The White River National Forest near Vail, Colo., was a busy place on the morning of July 1. After a springtime break for the elk calving season, work was scheduled to begin anew on the controversial expansion of the Vail ski area, which will increase the size of North America's largest ski area by 25 percent (HCN, 12/7/98).
Protesters arrived early to erect a
20-foot log tripod on a Forest Service access road, and when ski
area crews arrived with a cherry-picker, two of the protesters
locked themselves to the equipment.
crews used alternative roads to reach the expansion area, and the
Forest Service closed off 4,000 acres in and around the
The protesters' roadblock remained until
after the July 4th weekend, when law enforcement officers from the
Forest Service dismembered the tripod and arrested some of the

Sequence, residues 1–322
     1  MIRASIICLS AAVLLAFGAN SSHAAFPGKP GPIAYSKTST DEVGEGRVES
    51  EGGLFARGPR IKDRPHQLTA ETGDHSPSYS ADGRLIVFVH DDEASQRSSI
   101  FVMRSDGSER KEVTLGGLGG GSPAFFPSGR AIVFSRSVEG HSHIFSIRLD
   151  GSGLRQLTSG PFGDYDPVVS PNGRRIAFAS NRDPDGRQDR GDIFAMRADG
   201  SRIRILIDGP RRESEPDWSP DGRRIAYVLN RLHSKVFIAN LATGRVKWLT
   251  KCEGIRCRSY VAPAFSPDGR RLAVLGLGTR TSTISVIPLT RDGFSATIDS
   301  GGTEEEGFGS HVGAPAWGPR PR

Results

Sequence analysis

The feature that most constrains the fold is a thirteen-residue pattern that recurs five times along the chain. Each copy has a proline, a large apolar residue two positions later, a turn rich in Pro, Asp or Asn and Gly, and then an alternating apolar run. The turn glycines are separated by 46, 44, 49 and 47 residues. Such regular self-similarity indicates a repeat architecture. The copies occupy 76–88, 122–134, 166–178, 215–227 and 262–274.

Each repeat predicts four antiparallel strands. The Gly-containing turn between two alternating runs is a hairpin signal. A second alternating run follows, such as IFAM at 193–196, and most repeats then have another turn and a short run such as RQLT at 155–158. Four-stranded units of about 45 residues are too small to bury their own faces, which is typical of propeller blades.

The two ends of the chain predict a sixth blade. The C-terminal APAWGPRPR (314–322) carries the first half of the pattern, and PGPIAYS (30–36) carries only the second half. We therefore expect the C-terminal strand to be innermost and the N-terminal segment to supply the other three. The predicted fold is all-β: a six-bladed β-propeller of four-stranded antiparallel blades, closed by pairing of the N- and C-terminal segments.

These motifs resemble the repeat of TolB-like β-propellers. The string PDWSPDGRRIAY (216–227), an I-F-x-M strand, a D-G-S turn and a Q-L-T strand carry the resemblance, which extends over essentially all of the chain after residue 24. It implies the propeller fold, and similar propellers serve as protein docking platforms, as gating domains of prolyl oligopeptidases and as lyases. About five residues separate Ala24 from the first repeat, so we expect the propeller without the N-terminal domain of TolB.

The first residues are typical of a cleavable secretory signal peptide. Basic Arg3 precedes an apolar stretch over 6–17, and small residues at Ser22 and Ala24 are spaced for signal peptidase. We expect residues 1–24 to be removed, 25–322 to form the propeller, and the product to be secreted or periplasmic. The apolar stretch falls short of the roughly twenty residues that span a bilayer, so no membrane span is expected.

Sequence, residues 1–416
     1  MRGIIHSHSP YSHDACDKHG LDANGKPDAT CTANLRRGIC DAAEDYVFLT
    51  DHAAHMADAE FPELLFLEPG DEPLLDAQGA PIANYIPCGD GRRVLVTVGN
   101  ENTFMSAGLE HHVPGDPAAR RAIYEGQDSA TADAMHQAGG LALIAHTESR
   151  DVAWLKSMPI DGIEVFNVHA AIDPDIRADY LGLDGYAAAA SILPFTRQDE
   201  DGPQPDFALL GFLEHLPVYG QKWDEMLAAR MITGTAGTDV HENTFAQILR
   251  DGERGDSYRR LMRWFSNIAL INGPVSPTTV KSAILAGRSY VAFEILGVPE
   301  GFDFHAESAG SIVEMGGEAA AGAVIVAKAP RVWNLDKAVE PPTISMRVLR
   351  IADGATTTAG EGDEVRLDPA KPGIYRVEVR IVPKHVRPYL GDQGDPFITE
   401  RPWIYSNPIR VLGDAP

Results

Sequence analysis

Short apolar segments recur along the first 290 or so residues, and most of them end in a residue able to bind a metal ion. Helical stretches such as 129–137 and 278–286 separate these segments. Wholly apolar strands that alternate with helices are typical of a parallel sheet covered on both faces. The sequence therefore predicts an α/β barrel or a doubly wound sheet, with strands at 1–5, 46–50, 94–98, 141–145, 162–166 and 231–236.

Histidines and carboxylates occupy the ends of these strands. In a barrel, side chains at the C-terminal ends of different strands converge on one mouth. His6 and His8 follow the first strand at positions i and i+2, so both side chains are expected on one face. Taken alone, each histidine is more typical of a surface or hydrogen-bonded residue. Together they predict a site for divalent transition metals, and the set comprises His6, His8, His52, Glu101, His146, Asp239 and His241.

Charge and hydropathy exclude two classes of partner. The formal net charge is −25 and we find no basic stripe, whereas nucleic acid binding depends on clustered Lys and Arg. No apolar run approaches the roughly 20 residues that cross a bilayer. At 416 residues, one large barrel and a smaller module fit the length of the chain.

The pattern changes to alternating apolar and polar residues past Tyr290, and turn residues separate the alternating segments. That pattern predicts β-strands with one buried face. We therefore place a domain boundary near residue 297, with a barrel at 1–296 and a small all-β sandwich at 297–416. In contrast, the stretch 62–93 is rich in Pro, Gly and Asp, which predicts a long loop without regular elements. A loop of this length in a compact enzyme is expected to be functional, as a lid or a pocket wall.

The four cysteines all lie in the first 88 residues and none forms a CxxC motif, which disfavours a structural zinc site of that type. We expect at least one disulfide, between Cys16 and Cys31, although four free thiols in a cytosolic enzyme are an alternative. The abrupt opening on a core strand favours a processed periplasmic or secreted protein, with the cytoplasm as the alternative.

protesters at the site. On July 22, another protester was arrested
after she refused to move from a tree inside the expansion area.
There have been nine arrests.
Many activists say
the approval of the Vail expansion was a triumph of politics over
science; they point to internal Fish and Wildlife Service documents
recently obtained by Boulder-based environmental lawyer Ted
Zukoski, which show that agency biologists' recommendations to
protect lynx habitat near Vail were ignored by their
Construction crews continue to fell
trees in the expansion area, and Vail Resorts officials expect
limited skiing on the new terrain as early as this coming winter.